Do international shaming efforts affect citizens’ support for government policies? While it is a frequent claim in the literature that shaming works through domestic politics, we know little about how and when international criticism affects domestic public opinion. We address this question through an originally designed survey experiment in Sweden, which (i) compares the effects of international shaming in two issue areas—human rights and climate change, and (ii) tests whether government responses to criticism moderate the impact of shaming. Our main findings are fourfold. First, we find substantial effects of international shaming on domestic public opinion. These effects hold across both issue areas and irrespective of whether citizens support government parties or not. Second, human rights shaming has a stronger impact on citizens’ support for government policies than climate shaming. Third, shaming is most effective among citizens who are more supportive of climate action, human rights, and international cooperation. Finally, our findings are mixed with respect to the effect of government responses. While government responses do not moderate the effects of human rights shaming, they seem to mitigate the effects of climate shaming.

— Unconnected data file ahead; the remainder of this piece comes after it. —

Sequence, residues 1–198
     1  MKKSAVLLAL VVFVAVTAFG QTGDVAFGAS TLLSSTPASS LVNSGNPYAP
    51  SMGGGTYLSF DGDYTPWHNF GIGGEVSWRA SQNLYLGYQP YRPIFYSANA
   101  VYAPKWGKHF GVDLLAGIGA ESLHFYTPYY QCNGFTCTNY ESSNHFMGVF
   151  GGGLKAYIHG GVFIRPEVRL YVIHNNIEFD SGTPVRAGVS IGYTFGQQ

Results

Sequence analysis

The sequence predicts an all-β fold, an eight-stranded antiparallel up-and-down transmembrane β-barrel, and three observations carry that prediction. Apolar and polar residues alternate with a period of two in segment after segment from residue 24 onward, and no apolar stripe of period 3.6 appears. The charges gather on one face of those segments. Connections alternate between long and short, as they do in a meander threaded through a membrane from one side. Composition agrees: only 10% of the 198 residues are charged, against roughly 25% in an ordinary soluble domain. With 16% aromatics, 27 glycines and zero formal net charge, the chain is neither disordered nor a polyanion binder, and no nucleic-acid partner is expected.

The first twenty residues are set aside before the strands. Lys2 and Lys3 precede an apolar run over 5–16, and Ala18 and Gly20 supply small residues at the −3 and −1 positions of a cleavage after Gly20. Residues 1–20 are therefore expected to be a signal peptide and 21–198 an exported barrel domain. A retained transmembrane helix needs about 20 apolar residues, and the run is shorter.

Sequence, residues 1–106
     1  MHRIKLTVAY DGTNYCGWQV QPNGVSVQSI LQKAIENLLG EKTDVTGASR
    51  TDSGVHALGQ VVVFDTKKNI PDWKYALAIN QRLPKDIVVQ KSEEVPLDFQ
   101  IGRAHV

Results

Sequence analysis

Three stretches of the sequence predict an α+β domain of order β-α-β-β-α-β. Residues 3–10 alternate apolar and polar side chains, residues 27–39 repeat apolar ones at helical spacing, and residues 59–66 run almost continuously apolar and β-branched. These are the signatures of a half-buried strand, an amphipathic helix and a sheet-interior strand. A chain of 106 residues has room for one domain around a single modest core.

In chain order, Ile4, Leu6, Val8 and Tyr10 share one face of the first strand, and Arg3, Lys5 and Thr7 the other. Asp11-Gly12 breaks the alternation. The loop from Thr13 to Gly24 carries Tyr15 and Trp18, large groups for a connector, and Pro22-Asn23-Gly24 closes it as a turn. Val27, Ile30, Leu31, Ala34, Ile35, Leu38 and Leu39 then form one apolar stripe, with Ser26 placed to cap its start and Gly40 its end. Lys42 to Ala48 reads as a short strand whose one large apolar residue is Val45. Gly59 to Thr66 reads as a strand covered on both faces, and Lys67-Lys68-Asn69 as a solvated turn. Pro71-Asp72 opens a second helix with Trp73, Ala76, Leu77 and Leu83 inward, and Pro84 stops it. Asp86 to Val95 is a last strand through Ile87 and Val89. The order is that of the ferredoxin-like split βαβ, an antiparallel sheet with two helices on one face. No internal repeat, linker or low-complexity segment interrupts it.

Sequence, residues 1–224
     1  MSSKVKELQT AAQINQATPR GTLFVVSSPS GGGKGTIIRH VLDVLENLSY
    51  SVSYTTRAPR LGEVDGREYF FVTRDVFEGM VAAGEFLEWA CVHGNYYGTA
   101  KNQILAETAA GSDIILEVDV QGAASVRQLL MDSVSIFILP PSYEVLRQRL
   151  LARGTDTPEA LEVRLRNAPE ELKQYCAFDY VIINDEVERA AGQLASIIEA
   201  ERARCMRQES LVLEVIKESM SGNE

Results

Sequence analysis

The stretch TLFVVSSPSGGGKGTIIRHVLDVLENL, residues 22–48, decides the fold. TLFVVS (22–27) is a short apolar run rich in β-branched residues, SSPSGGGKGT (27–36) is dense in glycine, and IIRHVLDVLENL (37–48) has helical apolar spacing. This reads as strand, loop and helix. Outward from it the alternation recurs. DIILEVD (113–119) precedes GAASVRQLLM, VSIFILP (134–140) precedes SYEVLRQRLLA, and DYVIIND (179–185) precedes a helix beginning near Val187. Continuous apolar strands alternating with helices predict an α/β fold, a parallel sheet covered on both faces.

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Koliev, Faradj, Douglas Page, and Jonas Tallberg. The Domestic Impact of International Shaming: Evidence from Climate Change and Human Rights. Public Opinion Quarterly, Volume 86, Issue 3. Fall 2022. Pages 748–761. https://doi.org/10.1093/poq/nfac026